- Santa hats easily add that extra “Christmasy” touch. I actually bought two adult sized ones and two kids sized hats just to have on hand around the house. When we’ve taken photos with the family around the holidays, you’ll be surprised who plops on a Santa hat. It adds to the general festive mood and it’s reflected in our photos as well. You can pick them up for really cheap at the dollar store or on Amazon for only a few bucks each.
- Turn off all the other lights in the room so the only light source is the tree.
- Turn off your flash.
- Whether or not you want to use a tripod is up to you. I know my kids move around a lot so I did mine handheld. You just need to make sure your shutter speed is high enough so you don’t get blurry photos from the normal movement of your hands. Whatever millimeter lens you’re using, your shutter speed needs to be higher number than that. So if you’re using a 50mm lens, your shutter speed needs to be higher than 50. If you’re not able to get your shutter speed to be higher than the millimeter lens you’re using, then you need to increase your ISO. To start try setting your ISO to 1600 or 2000.
- If your child is the main subject of the photo then make sure your camera is focusing on his/her face so it gets properly exposed as well.
- Practice by yourself before you get those antsy kids to pose. Grab a stuffed animal and try out your settings first!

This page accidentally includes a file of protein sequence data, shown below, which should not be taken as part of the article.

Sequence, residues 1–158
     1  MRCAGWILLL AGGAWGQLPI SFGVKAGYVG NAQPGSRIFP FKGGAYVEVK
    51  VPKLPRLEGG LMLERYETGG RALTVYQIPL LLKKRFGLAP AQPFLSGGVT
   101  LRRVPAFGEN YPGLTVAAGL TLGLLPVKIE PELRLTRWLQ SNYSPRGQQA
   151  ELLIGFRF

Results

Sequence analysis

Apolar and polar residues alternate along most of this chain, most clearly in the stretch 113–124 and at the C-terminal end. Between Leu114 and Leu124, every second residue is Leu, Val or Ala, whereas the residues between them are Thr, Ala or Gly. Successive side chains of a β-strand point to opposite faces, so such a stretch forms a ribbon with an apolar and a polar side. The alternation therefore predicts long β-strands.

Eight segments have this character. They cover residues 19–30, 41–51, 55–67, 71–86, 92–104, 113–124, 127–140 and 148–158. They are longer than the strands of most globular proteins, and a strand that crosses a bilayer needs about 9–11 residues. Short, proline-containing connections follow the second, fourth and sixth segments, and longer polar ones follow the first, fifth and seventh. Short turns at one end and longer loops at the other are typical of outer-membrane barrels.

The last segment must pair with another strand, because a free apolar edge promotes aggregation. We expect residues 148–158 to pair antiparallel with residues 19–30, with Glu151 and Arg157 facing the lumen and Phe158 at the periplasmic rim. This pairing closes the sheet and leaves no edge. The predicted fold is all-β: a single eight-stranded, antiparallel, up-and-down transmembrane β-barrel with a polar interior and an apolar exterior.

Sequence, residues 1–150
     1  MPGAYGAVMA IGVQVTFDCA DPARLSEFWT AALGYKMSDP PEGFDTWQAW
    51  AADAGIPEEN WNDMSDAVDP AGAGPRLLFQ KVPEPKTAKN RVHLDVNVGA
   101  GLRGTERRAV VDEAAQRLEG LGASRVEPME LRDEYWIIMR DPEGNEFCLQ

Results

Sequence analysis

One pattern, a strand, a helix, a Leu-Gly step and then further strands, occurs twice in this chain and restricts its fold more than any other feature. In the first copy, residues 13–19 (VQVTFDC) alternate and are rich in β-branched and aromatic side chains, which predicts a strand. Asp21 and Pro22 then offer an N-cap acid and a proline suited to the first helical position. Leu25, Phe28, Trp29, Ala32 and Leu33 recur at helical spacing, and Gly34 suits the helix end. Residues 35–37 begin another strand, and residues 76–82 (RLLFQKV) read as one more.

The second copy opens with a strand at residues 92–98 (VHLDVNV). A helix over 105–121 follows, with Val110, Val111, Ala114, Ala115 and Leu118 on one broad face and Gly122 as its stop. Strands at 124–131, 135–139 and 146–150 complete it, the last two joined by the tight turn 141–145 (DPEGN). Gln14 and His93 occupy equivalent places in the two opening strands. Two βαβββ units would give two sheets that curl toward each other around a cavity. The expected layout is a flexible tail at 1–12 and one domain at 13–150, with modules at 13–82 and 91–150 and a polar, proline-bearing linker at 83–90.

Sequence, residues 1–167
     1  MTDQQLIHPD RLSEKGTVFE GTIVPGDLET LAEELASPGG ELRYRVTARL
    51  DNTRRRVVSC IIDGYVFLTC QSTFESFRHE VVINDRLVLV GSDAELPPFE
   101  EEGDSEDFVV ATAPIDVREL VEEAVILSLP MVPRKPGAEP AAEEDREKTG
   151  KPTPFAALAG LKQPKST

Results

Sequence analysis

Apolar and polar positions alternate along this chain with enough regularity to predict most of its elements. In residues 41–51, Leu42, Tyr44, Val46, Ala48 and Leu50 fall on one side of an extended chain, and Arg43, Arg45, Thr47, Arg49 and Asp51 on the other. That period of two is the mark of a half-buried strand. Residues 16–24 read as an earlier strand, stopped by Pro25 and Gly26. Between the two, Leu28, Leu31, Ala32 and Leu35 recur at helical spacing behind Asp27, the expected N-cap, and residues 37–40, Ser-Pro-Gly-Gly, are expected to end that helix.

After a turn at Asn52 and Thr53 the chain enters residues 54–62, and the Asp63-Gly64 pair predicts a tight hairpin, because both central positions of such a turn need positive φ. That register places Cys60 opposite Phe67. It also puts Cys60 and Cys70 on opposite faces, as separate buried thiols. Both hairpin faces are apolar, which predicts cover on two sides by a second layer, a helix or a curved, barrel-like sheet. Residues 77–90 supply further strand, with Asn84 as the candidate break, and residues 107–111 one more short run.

- Do not be afraid of editing your photos, also known as post processing. I tweak nearly all of my photos in Lightroom. My normal workflow typically consists of increasing exposure, increasing sharpness and increasing whites. Takes barely a minute and then you can copy/paste those settings to all the other photos taken at the same time. If you’re on a Mac you can use the included program Photos. If you’re on a PC then you can use Microsoft Photos. Other programs include GIMP or Paint.NET (Windows only) which are free to download.
You can use these same tips to photograph other holiday lights, other low lighting situations or just your tree itself!
If you like the idea of holiday photo traditions, check out my post for other ideas!
Hope you make lots of wonderful memories this holiday season!